The Working Waterfront

A tale of two retail towns—Freeport and Kittery

There's more than malls and L.L. Bean

Stephanie Bouchard
Posted 2016-08-23
Last Modified 2016-08-23

Freeport and Kittery may be well known as outlet shopping destinations, but residents of these coastal communities rarely think of themselves that way—and they know it’s important that everyone else come around to their way of thinking.

Outlet stores began proliferating in these coastal communities in the 1980s. Over the years, the relationship between residents and the outlets has sometimes been contentious, but by and large, townspeople have come to accept and even embrace the retail facets of their home towns.

That doesn’t mean they are content to settle with being identified only as shopping destinations. And, as online retail continues to put pressure on brick-and-mortar shopping, these communities recognize the need to be seen holistically.


In Freeport, that recognition has led to a marketing campaign that positions the town as a vacation destination. The campaign, which complements efforts by the Maine Tourism Office and the town, is spearheaded by Freeport USA, an organization that promotes member businesses and the town as a travel destination.

“We travel to trade shows and everybody knows and loves Freeport,” said Kelly Edwards, Freeport USA’s executive director. “We just wanted to enhance the message: Yes, Freeport is the best shopping destination in New England, but there’s a lot more to Freeport than meets the eye.”

Freeport USA’s marketing campaign to encourage visitors to stay longer than just a couple of hours to shop began two or three years ago, said Edwards, and they’re already seeing results.

“Freeport as an overall experience is taking hold,” she said.

State tax revenue numbers show retail shopping is still strong in Freeport, but sales are flat over the last five years, said Keith McBride, the executive director of the Freeport Economic Development Corporation. Revenue from hotels and restaurants, though, has not only steadily grown during the same period, it has consistently outpaced the growth of retail.

Anecdotally, lodging owners have told him that guests are still coming back to their rooms with shopping bags, but it might be one bag instead of four, said McBride. They’re also asking for directions to local destinations such as Wolfe’s Neck Woods State Park and Bradbury Mountain State Park and more of them are arriving with bicycles and kayaks on racks on their vehicles.

“I think that the image of Freeport is changing,” McBride said. “More and more people are starting to see it as something more than just retail shopping.”


While Freeport has a clear vision that it is implementing, Kittery is sizing up its future.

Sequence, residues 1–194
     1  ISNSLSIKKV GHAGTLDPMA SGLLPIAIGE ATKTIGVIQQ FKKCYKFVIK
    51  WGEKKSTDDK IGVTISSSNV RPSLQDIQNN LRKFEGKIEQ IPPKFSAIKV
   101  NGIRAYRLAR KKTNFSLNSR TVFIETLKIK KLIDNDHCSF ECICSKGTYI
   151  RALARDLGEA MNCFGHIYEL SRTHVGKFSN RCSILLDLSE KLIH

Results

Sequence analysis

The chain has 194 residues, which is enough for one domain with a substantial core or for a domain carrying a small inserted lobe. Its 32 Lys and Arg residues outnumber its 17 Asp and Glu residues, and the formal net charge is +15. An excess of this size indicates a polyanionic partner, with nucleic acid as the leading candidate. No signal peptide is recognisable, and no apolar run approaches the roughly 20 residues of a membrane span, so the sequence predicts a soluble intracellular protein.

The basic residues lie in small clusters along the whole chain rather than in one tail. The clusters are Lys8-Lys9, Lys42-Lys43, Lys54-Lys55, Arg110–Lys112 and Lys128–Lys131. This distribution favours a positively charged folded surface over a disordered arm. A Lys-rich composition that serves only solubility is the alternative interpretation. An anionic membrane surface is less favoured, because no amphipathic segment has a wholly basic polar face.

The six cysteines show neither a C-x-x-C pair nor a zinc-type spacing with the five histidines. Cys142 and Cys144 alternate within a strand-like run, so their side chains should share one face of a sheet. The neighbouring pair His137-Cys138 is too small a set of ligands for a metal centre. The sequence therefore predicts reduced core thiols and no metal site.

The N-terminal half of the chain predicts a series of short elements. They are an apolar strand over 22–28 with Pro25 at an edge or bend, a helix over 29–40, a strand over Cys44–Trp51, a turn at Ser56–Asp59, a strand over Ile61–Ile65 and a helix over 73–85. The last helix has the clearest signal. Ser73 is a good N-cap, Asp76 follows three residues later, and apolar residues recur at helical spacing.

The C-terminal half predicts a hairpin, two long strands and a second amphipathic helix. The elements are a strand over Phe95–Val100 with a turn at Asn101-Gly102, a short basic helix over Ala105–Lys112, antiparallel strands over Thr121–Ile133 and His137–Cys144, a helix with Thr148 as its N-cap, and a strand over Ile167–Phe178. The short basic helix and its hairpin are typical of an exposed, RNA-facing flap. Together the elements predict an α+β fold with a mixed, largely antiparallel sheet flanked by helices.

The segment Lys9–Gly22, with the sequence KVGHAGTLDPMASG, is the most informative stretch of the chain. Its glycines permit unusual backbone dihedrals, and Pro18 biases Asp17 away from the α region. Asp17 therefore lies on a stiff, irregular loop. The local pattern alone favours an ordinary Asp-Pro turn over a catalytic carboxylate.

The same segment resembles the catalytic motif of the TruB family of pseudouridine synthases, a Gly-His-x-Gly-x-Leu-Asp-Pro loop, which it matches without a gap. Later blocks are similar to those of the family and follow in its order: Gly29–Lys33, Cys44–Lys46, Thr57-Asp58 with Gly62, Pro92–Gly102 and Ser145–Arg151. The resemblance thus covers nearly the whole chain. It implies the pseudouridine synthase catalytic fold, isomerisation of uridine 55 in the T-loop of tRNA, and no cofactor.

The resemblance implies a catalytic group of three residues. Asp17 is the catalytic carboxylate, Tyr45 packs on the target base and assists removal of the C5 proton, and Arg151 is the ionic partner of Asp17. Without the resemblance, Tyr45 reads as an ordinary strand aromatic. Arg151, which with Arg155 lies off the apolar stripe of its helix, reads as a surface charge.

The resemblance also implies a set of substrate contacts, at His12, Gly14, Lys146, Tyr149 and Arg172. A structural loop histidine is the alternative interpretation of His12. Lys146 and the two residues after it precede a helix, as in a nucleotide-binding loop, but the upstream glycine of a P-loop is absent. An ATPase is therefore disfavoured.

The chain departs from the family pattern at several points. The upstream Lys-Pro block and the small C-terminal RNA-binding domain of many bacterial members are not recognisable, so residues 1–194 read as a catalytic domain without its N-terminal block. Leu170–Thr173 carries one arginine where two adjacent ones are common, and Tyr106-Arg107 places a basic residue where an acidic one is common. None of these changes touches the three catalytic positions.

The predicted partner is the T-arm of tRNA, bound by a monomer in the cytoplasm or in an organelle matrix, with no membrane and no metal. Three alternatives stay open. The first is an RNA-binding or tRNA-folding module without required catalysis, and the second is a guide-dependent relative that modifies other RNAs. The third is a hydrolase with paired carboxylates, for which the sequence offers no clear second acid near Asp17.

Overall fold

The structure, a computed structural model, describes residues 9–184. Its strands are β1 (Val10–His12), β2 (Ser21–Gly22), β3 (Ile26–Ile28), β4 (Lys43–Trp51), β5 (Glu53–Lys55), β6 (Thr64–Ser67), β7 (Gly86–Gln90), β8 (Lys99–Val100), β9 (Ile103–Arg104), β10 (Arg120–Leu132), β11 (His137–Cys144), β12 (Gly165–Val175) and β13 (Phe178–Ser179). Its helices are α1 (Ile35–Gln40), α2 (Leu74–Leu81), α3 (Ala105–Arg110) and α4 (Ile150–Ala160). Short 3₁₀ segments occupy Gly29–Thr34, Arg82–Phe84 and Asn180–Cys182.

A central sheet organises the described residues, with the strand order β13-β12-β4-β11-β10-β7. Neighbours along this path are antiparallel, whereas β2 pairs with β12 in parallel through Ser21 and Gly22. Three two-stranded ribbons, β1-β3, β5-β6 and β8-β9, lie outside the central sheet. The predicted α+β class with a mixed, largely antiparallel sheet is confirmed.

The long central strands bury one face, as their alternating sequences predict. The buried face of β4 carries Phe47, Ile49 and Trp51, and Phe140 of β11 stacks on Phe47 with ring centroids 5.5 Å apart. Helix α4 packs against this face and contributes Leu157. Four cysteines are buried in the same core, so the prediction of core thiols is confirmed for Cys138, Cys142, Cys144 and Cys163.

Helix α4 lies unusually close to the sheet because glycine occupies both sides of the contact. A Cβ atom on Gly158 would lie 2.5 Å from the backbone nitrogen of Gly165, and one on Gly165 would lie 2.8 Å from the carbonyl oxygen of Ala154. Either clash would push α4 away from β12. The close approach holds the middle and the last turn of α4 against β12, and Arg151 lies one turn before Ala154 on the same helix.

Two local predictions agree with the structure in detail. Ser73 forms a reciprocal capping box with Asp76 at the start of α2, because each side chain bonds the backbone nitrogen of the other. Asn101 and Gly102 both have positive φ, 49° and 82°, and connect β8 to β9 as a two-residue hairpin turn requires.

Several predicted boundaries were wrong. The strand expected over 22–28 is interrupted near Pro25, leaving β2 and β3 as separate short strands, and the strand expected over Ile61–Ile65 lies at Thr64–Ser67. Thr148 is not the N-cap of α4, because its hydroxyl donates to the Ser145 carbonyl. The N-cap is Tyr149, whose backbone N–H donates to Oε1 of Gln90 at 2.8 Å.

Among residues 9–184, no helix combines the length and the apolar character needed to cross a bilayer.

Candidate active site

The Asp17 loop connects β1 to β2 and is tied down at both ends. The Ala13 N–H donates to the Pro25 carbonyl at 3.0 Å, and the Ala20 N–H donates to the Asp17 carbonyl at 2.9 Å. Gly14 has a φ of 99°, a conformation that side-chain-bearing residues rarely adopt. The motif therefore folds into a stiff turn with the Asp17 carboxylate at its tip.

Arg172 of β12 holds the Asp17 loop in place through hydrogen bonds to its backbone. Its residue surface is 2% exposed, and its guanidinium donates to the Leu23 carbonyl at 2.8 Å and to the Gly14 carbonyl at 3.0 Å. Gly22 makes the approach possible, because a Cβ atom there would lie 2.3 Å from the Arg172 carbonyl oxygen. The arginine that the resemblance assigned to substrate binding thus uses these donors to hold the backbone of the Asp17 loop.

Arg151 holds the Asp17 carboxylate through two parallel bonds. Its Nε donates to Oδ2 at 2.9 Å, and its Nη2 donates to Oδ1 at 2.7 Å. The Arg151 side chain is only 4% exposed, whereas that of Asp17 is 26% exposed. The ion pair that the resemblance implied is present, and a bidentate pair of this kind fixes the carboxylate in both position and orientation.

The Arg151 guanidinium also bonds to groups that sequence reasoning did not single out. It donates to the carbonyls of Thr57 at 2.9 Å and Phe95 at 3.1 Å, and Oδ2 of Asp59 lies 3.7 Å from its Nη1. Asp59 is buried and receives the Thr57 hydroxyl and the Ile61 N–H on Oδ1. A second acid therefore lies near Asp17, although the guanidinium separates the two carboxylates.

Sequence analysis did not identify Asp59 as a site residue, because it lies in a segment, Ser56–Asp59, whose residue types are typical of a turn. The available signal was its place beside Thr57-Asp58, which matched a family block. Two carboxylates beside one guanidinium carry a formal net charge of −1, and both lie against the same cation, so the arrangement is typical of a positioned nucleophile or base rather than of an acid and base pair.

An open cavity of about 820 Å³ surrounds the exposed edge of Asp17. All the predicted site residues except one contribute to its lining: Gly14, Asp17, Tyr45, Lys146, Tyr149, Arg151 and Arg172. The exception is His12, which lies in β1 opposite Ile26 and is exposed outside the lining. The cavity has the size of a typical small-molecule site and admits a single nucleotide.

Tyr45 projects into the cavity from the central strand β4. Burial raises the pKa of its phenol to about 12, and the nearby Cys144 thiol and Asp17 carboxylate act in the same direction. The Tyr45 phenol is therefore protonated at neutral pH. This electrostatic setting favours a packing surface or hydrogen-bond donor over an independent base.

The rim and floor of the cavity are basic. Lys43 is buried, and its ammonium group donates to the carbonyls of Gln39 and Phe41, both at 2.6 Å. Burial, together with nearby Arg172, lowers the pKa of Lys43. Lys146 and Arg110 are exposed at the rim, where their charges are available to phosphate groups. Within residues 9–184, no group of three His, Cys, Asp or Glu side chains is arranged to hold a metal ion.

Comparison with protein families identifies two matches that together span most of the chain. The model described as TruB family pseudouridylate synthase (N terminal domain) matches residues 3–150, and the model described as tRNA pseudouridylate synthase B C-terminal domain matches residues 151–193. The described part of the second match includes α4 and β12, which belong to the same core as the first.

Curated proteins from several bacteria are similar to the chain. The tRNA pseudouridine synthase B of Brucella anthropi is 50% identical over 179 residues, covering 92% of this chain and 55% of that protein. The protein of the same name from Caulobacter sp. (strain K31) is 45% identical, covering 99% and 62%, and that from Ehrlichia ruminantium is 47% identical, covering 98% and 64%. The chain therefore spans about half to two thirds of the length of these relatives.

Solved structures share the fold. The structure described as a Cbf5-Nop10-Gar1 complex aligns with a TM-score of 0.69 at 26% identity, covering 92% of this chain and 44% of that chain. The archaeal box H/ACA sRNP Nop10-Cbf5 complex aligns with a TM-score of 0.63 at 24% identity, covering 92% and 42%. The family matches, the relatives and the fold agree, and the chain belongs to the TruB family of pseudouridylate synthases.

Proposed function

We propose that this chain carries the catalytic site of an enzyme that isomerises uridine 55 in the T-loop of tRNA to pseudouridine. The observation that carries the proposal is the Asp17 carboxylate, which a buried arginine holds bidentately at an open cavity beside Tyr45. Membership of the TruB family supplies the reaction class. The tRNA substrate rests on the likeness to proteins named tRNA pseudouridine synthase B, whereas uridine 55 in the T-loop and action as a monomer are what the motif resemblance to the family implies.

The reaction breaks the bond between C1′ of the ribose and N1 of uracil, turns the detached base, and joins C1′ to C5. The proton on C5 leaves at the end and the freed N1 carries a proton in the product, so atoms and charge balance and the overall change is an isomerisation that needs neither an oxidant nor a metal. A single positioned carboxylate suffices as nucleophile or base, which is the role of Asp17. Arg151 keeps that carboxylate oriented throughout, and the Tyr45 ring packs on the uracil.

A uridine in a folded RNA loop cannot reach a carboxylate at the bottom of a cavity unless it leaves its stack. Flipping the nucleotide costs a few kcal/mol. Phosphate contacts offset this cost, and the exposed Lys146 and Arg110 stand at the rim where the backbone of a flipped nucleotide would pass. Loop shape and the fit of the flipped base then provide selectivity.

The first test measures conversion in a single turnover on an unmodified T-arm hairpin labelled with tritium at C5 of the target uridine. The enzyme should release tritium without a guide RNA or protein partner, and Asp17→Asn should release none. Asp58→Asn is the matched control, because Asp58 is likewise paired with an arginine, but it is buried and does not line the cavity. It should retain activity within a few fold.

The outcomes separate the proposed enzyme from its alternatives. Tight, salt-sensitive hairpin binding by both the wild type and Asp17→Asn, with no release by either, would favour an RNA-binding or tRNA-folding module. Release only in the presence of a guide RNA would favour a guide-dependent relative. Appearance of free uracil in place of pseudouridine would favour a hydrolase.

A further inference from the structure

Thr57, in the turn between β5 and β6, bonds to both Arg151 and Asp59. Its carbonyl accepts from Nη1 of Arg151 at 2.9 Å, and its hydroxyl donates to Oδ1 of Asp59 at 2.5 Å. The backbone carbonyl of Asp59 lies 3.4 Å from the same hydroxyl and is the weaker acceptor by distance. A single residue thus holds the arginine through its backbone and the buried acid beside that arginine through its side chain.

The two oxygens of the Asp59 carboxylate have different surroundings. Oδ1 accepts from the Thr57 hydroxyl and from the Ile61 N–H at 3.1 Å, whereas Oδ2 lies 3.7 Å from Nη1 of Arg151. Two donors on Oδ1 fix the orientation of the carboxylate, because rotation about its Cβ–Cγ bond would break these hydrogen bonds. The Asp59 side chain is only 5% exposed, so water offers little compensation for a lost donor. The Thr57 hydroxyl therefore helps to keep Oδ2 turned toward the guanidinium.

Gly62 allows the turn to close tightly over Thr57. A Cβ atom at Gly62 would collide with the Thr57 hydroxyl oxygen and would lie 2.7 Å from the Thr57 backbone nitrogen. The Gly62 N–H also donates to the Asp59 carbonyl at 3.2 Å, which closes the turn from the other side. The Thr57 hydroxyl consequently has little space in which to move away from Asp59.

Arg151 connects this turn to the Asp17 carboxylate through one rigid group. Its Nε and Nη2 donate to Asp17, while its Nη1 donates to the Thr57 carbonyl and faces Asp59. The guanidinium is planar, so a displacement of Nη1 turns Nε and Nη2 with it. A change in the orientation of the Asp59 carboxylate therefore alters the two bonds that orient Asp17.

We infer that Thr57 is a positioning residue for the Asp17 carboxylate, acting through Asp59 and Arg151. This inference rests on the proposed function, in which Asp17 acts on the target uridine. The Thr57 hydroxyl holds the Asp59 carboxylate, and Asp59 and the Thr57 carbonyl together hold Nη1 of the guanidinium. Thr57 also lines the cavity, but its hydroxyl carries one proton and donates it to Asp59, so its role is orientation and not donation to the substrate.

“Kittery used to be a shipyard town. That was what it was,” said Russell White, a local attorney and a town councilor. “People used to be ambivalent about the mall identity. Now I think we’re developing and realizing that we have a nice, walkable downtown adjacent to Portsmouth. We have a lot of good things there. Kittery is developing its own sense of being a nice place, with or without the malls.”

For instance, in recent years, the town’s downtown, called Kittery Foreside, has become a food and creative arts destination.

“We thought Kittery would suffer when the Memorial Bridge closed and people wouldn’t be able to get over here from Portsmouth, but it was a positive thing,” said Tom Emerson, an architect and planner and the vice chairman of the town’s economic development committee. “The locals started understanding what we have. The Foreside burgeoned when people thought it would go in the other direction.”

Residents in Kittery may be realizing their town has more to offer than just shopping, but getting to a cohesive vision is a slow—and sometimes frustrating—process, said Stephen Kosacz, owner of Autoworks, an automobile service business in Kittery and Emerson’s colleague on the economic development committee.

“I’d say it’s a town in flux,” he said.

The town has recently held several community forums to gauge what residents want and what they don’t want, he said. Other than consensus on not wanting to be a carbon copy of Portsmouth, it’s apparent that not everyone in the community is on the same page about Kittery’s identity going forward.

There are a lot of people with a lot of new ideas and there’s a lot of interest from residents, said Kosacz, however, “I don’t see anybody with a vision of where we want to go.” And in order to make the progress that is right for Kittery, he said, getting that clear vision and consensus is necessary. 